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Nervous system Ch

Chapter 10 Q & A

What are the main divisions of the nervous system? The central nervous system (CNS) and the peripheral nervous system (PNS)
What does the CNS consist of? The brain and spinal cord
What does the PNS consist of? The vast network of nerves throughout the body outside of the brain and spinal cord
What are the types of cells found in the CNS? Neuroglia (glial cells) and neurons. There are also 4 types of neuoglia - oligodendrocytes, ependymal cells, microglia, and astrocytes
What are the types of neuroglia found in the CNS? Oligodendrocytes, ependymal cells, microglia, and astrocytes
What is the function of oligodendrocytes? Form myelin sheath in the brain and spinal cord and speed signal conduction
What is the function of ependymal cells? Line spinal cord and cavities of the brain and secrete CSF
What is the function of microglia? Perform phagocytosis, engulfing mircoorganisms and cellular debris
What is the function of astrocytes? Extend through brain tissue; nourish neurons; help form BBB; attach neurons to blood vessels; provide structural support
What is the function of the synapse? Serves as a way for impulses to transfer from one neuron to the next
What is the composition and function of gray matter? Appears gray because of its lack of myelin. It is an H-shaped mass divided into 2 sets of horns. It contains mostly the cell bodies of motor neurons and interneurons.
What is the composition and function of white matter? Appears white becuase of its abundance of myelin. It contains bundles of axons (tracts) that carry impulses from one part of the nervous system to another
What are sensory nerves? Nerves that contain only afferent (sensory) fibers. They carry sensations toward the spinal cord
What are motor nerves? Nerves that contain only efferent (motor) fibers. They carry messages to muscles and glands
What are mixed nerves? Nerves that contain both sensory and motor fibers. They can transmit signals in 2 directions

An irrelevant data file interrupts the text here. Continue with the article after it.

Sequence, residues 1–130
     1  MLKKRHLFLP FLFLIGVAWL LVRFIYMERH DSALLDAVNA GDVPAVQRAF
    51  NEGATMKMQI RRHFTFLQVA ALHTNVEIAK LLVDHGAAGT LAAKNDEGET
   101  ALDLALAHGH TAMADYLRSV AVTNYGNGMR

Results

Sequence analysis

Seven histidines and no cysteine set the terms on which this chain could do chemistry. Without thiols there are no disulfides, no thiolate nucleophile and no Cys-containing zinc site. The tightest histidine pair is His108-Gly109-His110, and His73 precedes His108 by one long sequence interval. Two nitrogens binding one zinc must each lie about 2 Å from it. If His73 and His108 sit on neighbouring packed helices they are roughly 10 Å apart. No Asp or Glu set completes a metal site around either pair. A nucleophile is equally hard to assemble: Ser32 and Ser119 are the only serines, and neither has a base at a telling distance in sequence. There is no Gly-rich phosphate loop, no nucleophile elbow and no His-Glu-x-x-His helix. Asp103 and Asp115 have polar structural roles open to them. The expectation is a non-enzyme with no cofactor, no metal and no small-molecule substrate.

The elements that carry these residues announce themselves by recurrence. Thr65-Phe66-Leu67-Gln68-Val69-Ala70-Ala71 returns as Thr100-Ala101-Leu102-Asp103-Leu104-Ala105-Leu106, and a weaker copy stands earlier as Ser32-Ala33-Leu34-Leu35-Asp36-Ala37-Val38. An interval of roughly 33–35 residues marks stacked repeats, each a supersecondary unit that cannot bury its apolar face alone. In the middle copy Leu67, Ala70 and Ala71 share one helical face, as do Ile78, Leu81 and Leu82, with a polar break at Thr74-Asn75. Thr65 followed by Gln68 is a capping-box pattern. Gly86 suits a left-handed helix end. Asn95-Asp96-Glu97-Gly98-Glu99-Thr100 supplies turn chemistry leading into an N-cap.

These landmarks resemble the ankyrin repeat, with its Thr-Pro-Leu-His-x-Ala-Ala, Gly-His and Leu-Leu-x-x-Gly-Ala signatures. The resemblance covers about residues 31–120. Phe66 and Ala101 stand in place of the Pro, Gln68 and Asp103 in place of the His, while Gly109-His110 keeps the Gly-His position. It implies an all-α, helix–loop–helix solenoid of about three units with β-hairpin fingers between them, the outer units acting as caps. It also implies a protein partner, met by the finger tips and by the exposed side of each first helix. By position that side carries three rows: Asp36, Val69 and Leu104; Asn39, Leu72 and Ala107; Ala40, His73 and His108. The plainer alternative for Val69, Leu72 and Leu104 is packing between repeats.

What are the 5 categories of spinal nerves? There are 8 cervical nerves (C1-C8), 12 thoracic nerves (T1-T12), 5 lumbar nerves (L1-L5), 5 sacral nerves (S1-S5), and 1 coccygeal nerve (Co)
What areas do the cervical nerves innervate? The muscles and skin of the neck, tops of the shoulders, part of the head, and down the arms to the fingertips
What areas do the thoracic nerves innervate? The chest and abdomen area and down the inside of the arms to the wrist
What areas do the lumbar nerves innervate? The thighs and legs down to the feet
What areas do the sacral nerves innervate? The lateral, lower side of the leg to the toe and the penis and scrotum
How do somatic reflexes occur? Somatic receptors detect a sensation, afferent fibers send a signal directly to the spinal cord, the impulse immediately passes to a motor neuron, and the muscle contracts
What are the general structures of the brain? Gray and white matter, meninges, ventricles, cerebrospinal fluid, blood-brain barrier
How is cerebrospinal fluid formed? It is formed from blood by the coroid plexus (a network of blood vessels lining the floor or wall of each ventricle)
What is the function of CSF? It provides nourishment in the form of glucose and protein, helps to remove metabolic waste, helps protect the brain against minor trauma, and plays a role in the maintenance of homeostasis
What is the pathway of CSF? It fills the ventricles and central canal, bathes the outside of the brain and spinal cord, and constantly flows through the CNS
Where is the phrenic nerve located and what is its function? It is located in the cervical plexus and stimulates the diaphragm for breathing